perth institute of sleep behaviour
september - december 2010
My residency at the perth institute of contemporary art (PICA) consisted of two interrelated projects that examined sleep behaviour within a collaborative environment.
The first project set out to make visibly accessible the often unseen, bodily gestures commonly found in the sleeping state or those exhibited in particular sleep disorders.
Together, with one actor, one ballet dancer, and one contact improviser, we turned the studio space into a sleep laboratory. We wanted to study what these body movements would look like isolated versus combined, vertical and prone instead of horizontal and supine, and in the daylight as opposed to a nighttime event. Over the course of the residency, I worked with each performer separately once a week, and our combined research culminated as a public performance at the studio opening.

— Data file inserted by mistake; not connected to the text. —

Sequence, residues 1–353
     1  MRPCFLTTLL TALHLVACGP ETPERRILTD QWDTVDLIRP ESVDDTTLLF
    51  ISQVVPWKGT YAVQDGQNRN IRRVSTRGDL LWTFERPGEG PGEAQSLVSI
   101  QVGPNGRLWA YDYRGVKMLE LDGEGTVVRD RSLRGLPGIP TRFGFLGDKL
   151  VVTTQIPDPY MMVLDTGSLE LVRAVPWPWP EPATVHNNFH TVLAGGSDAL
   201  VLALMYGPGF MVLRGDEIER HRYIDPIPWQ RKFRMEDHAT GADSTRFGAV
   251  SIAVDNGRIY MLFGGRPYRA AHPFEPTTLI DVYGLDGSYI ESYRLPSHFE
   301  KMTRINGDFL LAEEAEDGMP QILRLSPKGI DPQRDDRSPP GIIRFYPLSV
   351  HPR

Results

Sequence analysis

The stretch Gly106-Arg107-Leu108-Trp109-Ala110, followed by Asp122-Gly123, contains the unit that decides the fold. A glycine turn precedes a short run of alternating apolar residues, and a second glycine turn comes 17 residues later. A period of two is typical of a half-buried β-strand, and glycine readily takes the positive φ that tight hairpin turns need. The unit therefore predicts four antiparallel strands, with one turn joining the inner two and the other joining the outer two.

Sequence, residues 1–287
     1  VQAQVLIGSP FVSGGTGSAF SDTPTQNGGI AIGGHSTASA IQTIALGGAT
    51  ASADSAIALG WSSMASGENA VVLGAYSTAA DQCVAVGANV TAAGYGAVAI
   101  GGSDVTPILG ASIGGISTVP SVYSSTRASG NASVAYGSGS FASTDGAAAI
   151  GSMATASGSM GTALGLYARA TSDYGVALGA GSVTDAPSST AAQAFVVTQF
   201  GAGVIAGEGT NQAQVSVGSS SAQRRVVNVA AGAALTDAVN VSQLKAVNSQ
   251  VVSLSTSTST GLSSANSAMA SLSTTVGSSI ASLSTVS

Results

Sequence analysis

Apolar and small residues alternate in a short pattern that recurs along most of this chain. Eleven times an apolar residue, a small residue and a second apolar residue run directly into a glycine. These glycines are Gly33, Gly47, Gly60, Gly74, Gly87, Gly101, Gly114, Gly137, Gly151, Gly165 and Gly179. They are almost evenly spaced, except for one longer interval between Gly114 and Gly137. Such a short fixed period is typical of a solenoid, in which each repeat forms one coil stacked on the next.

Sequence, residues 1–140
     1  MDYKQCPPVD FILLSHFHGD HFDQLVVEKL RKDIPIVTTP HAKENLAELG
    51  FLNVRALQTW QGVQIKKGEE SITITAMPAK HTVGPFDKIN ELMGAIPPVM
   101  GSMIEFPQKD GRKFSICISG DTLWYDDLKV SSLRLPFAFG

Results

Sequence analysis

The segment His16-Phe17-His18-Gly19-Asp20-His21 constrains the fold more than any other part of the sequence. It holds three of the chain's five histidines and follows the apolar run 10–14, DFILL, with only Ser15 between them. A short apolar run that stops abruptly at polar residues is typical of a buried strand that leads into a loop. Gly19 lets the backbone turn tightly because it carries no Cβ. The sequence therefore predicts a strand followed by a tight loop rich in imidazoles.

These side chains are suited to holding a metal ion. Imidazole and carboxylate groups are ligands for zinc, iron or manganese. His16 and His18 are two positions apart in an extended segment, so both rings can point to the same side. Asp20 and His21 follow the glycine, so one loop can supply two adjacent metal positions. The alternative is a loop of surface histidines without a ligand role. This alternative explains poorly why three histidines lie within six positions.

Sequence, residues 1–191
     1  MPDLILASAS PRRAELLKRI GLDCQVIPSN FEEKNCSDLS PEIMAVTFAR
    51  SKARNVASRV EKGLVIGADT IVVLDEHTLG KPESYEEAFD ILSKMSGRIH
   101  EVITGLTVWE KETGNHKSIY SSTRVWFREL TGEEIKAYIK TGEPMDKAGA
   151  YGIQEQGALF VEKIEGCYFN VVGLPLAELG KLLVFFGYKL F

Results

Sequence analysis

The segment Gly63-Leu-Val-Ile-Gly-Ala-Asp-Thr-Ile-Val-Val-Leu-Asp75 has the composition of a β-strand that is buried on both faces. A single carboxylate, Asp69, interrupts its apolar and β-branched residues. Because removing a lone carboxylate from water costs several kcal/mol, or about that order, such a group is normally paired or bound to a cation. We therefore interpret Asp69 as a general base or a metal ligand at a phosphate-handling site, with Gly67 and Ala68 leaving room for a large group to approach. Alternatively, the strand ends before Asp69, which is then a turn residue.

The second project aimed at challenging the confines of the sleep laboratory and the observational and diagnostic protocols practiced in the field of sleep science. In this iteration of the project, we appropriated DIY techniques and hosted our own version of a pop-up sleep study over one evening and into the morning at the art gallery.
Together with one volunteer sleep participant, one sleep technologist, and myself as the facilitator, we employed wireless EEG (brain activity), EOG (eye movement), and EMG (muscle movement) technology to record the sleep behaviour of the participant in the gallery setting but also the activity of the sleep technologist, in an effort to answer, “how astute can one be while working at night while watching people sleep?”